Amber Rudd said the Government will embark on a “phased approach” but did not give further details.
The process could cost the taxpayer £100 million a year and require another 3,000 Home Office staff, the Liberal Democrats said, while the Migration Observatory at the University of Oxford has said the process would be a “formidable task” that could amount to the equivalent of around 140 years of work at recent rates of processing.
Responding to a question from Brexit select committee chairman Hilary Benn in the Commons, Ms Rudd said: “There will be a need to have some sort of documentation, he is entirely right, but we are not going to set it out yet.
“We are going to do it in a phased approach, to ensure that we use all the technology advantages that we are increasingly able to harness, to ensure that all immigration is carefully handled.”
Lib Dem foreign affairs spokesman Tom Brake said the processing would add “roughly 10% to the Home Office workload” costing at least another £100m a year and requiring 3,000 extra staff.
Meanwhile Ms Rudd said foreign students are likely to remain in the Government’s target to cut immigration to the tens of thousands amid growing clamour for them to be separated.
Over the weekend, Foreign Secretary Boris Johnson backed excluding them from the overall numbers - a stance also taken by Chancellor Philip Hammond.
Ms Rudd said: “Students play an important role in contributing to the economy and are most welcome in the UK.
“The internationally-recognised definition of a migrant is someone coming here for over 12 months, so they are likely to stay within that definition, although I’m aware there are different views on this matter.”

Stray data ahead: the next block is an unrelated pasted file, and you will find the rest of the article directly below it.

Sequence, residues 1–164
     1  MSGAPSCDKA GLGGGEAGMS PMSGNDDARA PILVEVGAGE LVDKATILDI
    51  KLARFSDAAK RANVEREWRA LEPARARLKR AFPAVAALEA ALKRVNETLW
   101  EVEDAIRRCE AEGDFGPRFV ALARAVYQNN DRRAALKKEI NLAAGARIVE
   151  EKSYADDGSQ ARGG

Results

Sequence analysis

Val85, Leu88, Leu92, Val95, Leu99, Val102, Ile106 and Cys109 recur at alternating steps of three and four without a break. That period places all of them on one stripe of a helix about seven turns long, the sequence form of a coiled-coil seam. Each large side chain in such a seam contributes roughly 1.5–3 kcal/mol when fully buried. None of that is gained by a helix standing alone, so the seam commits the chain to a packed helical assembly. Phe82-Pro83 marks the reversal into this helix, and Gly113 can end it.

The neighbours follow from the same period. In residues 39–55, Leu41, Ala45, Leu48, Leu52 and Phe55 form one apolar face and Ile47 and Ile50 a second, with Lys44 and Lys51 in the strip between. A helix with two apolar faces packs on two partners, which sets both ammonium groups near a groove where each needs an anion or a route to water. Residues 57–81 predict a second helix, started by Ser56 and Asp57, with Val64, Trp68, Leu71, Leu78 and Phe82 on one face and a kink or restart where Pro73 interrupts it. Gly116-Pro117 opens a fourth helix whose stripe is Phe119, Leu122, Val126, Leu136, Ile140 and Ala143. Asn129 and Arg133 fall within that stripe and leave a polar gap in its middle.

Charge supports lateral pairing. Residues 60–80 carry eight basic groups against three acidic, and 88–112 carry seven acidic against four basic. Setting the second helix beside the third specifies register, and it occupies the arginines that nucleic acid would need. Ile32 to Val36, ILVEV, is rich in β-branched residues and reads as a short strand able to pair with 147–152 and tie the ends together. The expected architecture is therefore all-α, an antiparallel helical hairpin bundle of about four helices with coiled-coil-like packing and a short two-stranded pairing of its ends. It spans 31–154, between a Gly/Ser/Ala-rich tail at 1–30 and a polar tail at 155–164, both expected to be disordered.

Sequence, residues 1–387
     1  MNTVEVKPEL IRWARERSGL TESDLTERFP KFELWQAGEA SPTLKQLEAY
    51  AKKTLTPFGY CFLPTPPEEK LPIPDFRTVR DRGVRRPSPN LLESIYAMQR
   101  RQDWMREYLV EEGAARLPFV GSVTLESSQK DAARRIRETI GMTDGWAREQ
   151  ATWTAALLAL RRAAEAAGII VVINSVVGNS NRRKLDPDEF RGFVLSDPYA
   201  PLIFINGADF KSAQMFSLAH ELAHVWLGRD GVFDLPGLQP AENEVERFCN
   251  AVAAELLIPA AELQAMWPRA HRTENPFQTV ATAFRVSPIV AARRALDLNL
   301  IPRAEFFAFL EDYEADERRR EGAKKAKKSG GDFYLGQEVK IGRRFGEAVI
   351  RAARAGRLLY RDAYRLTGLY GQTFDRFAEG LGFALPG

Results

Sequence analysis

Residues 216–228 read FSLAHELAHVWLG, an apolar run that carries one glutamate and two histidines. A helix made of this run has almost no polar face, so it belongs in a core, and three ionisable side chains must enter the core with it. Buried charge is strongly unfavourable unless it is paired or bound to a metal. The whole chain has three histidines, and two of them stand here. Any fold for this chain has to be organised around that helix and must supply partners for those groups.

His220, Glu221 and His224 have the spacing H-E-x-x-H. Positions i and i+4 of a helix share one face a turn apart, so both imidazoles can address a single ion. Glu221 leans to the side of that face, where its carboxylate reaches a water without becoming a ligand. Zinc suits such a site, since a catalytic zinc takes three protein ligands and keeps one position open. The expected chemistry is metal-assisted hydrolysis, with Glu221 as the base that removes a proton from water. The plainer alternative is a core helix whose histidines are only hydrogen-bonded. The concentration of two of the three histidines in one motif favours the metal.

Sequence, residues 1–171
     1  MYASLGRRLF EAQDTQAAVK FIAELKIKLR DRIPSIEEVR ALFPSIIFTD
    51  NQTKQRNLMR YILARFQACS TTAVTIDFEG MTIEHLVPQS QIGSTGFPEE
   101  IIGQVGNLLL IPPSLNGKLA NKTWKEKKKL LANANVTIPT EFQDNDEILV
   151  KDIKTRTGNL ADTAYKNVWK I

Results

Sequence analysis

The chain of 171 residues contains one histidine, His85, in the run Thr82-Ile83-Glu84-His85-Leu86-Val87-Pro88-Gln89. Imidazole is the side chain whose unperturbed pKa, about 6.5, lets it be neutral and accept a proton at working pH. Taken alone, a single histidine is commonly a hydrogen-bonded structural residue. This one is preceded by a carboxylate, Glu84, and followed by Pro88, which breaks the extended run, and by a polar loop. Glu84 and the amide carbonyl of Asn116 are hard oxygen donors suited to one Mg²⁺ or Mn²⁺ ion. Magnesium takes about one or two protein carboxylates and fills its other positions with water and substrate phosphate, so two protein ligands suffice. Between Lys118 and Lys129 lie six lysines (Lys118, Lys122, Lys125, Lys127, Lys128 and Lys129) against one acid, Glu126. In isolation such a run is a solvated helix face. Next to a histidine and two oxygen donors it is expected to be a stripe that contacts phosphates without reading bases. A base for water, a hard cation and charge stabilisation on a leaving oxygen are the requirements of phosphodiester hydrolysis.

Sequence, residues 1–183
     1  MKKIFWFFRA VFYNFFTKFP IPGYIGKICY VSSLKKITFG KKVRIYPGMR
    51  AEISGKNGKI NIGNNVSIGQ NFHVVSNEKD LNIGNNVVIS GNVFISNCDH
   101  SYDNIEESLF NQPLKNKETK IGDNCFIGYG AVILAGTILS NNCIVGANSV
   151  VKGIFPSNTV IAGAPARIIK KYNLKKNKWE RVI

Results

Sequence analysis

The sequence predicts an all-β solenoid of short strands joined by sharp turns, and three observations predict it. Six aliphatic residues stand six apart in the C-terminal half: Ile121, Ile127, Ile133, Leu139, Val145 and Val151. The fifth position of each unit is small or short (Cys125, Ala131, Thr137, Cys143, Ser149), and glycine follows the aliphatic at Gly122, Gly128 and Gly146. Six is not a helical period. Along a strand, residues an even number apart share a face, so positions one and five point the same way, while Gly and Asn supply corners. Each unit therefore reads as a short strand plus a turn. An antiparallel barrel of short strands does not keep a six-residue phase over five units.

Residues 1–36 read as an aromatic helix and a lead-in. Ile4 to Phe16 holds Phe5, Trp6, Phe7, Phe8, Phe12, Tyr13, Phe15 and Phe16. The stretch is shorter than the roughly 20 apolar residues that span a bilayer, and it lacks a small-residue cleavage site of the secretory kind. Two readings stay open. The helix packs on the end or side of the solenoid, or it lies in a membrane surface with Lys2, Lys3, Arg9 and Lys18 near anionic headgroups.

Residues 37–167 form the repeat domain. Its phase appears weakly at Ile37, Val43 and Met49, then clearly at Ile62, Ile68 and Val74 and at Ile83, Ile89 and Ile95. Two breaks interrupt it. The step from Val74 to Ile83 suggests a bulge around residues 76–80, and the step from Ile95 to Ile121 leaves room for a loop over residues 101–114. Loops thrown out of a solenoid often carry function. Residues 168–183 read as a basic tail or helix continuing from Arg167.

When asked by Home Affairs select committee chairwoman Yvette Cooper whether students should be taken out of the overall target, Ms Rudd replied: “There are different views on this.
“The definition that I referred to was for international students, which is held by the ONS, which is for over 12 months, they represent an immigrant and are therefore part of the numbers.”
The Home Secretary also stressed that following Brexit the UK will have greater control over its borders.
She said: “One thing is for certain, though, is that when we do leave the European Union we will have more control over immigration from the European Union and will be making sure the immigration that we do get from the European Union gets the right balance of attracting the type of people who can really boost the UK businesses that need it.”